Alzheimer’s disease has no cure at this point. Only a few therapies that try to slow the progression are available, but there’s a light, and some sound, at the end of the tunnel. Researchers at MIT and Georgia Tech have now shown they can reduce the buildup of amyloid plaques in mouse models of Alzheimer’s disease using nothing but light and sound. Moreover, they were able to achieve a notable improvement in the mental abilities of the mice.
Previously, auditory gamma entrainment using sensory stimuli (GENUS), a technology that uses sound to sync up the brain to a certain frequency, was shown to improve hippocampal function. By adding light to the mix and using it to help sync to the desired frequency (40 Hertz) for one hour a day, the researchers saw that amyloid buildup throughout the neocortex of the mice was reduced. This may be because microglia, glial cells that work as macrophages, seem to surround chunks of the amyloid plaque and attack it following treatment..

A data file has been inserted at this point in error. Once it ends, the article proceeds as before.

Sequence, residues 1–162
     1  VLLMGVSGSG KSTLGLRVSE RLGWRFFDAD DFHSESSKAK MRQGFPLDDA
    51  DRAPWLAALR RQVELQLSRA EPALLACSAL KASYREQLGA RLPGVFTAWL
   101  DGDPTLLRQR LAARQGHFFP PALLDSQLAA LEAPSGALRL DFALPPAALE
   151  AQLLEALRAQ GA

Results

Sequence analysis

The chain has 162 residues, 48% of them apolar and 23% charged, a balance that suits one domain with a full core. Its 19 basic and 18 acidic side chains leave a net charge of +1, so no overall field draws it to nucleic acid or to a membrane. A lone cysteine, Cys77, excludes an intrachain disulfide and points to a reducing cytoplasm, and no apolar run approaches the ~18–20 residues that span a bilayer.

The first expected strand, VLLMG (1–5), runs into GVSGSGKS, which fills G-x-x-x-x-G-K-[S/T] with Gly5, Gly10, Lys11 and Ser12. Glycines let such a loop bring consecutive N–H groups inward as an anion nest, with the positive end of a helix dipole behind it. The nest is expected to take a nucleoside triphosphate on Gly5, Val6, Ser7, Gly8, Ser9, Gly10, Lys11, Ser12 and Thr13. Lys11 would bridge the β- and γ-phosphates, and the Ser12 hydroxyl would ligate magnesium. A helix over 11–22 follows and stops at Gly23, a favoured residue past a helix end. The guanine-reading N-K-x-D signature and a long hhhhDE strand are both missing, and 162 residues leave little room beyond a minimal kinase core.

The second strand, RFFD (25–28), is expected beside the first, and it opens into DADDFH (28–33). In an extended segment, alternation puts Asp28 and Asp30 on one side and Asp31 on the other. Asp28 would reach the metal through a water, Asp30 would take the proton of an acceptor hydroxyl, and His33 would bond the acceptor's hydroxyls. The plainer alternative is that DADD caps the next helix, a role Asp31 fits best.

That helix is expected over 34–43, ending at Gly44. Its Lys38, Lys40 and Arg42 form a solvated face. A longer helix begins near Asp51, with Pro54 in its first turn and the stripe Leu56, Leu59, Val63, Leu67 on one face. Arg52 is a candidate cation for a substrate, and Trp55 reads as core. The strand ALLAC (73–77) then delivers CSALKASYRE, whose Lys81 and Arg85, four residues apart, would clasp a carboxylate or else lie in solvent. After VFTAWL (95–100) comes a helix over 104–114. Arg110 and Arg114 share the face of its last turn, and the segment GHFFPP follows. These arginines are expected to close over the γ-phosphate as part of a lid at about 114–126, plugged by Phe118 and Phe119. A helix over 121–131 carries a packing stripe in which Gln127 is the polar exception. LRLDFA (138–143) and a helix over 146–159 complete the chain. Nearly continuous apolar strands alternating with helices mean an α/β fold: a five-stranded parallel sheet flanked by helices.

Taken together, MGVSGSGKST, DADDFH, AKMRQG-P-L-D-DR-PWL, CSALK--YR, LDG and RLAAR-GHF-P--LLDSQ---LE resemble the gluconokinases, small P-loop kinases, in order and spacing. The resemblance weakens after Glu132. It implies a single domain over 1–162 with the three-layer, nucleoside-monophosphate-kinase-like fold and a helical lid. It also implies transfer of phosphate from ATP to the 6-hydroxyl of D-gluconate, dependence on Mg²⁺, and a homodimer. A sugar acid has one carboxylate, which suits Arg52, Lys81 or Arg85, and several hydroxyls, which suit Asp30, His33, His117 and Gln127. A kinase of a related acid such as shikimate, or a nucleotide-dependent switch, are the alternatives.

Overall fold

The team removed and studied the brains of the mice following cognitive testing and saw that amyloid plaques were nearly completely cleared in large areas of their brains. Areas that control high level cognitive abilities were also effectively treated by the therapy of the plaques.
Because the therapy seems naturally safe, the researchers already performed an early safety study and will hopefully soon move onto testing this therapy on actual patients.
Image: At left, the mouse cortex shows a reduction in amyloid plaques following visual and auditory stimulation, compared to the untreated mouse at right.